Gabrielle Lis | The results of a Monash University study assessing the results of participation in the Global Corporate Challenge (GCC) are in: employee wellbeing improves when employers invest.
Only 5% of the Australian workforce gets the recommended daily levels of fruit, veggies and exercise, according to an ongoing Monash University study. While the other 95% aren’t necessarily ticking time bombs of disease and illness, the statistic does highlight the fact that we’re not doing enough to look after ourselves, or each other, which could have disturbing consequences for our long term health. more >>
Damien Amsuss | The injured worker needs and deserves it.
About the webinar: After an athlete suffers an injury they follow a course of physical re-conditioning that commences with rehabilitation activities at the site of injury, transitions to sport-specific drills and culminates in a return to competition. This is to ensure that the athlete returns in the most timely, but also safest, manner. Why should returning to work following workplace injury be any different? This webinar explores the efficacy of exercise-based work conditioning programmes and seeks to identify some of the best-practice principles that an exercise provider will employ in an affort to achieve a desirable return to work outcome. more >>
Mary Harris | After foot surgery, rehab professional Mary Harris gains first hand insight into how co-workers can quickly become impatient when a colleague returns to work on modified duties.
I had foot surgery a while ago and it left me somewhat dependent on others for help. At first, the assistance was provided with a smile and an urging to let them know if they could do anything else to help. However, as time went on, the smiles became tight lips and the offers of help became heavy sighs. My caregivers weren’t the only ones feeling the pain. For an independent person such as myself, the discomfort of being in a position of dependency was far more excruciating than the surgical pain. more >>
Lara Forth | Lara (not her real name) recovers from brain trauma but eventually quits her job and abandons her claim. Why?
When I was 25 I worked full time as a picture framer. On the way to work I was involved in a five car pile-up. My vehicle was hit in the front and the rear. I sustained whiplash and smacked my head hard on the front shelf, where the visor and rear view mirror are located. A hot coffee in the drink holder erupted all over me and the inside of the car and the whole front of my vehicle was smashed in. more >>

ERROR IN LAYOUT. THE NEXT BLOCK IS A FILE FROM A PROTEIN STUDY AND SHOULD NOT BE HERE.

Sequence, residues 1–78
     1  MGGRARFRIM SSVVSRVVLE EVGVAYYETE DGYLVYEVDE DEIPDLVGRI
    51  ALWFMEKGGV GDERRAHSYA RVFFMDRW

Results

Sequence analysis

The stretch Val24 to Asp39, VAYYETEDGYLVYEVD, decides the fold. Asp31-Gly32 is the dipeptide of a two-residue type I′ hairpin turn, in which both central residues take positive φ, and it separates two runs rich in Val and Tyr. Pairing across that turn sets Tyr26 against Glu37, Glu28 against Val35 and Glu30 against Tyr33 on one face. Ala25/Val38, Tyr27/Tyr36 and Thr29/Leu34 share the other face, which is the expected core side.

UK Comedian Ricky Gervaise is just one of thousands to support an Australian campaign to start conversations about suicide and men's mental health. The initiative asks men to post selfies on social media with the tag #ItsOKToTalk. Rugby player Luke Ambler developed the idea after the sudden death of his brother-in-law. Suicide is the leading cause of death for Australians aged between 15 to 44 years, according to the latest information from the Australian Bureau of Statistics, and around three quarters of suicide fatalities in 2014 were men. Of the 2,864 Australians who took their own lives in 2014, three-quarters were men.
The Office Olympics were held in Canada last week, with employees at the International Foundation of Employee Benefit Plans competing in events including chair rowing, cardboard 'boxing' and 'wasketball'. “In order for team morale to be high and to have honest communication, team building is critical - it’s not only good for the organisation, but also for the employee and their overall well-being. If we get through challenges and difficulties together, that’s critical for a place and makes things a little bit less stressful,” said Office Olympics representative Julie Stich.
WorkCover NSW has released new guidelines for claiming workers' compensation, combining and replacing the old guildelines for claims, work capacity, work capacity reviews and domestic assistance. For access to a prerecorded webinar explaining the changes, follow the link above.
The Queensland government will set up a parliamentary review into a resurgance of black lung amongst the state's coal miners. Opposition Leader Tim Nicholls called instead for a royal commission into the issue, pointing to union criticism of the Labor government as evidence of serious "underlying concerns". However, Labor backbencher Jo-Ann Miller promised that if the parliamentary review did not deliver answers she would call for a royal commission herself, after an emotional contribution to the debate that focused on the impact of black lung on her own family.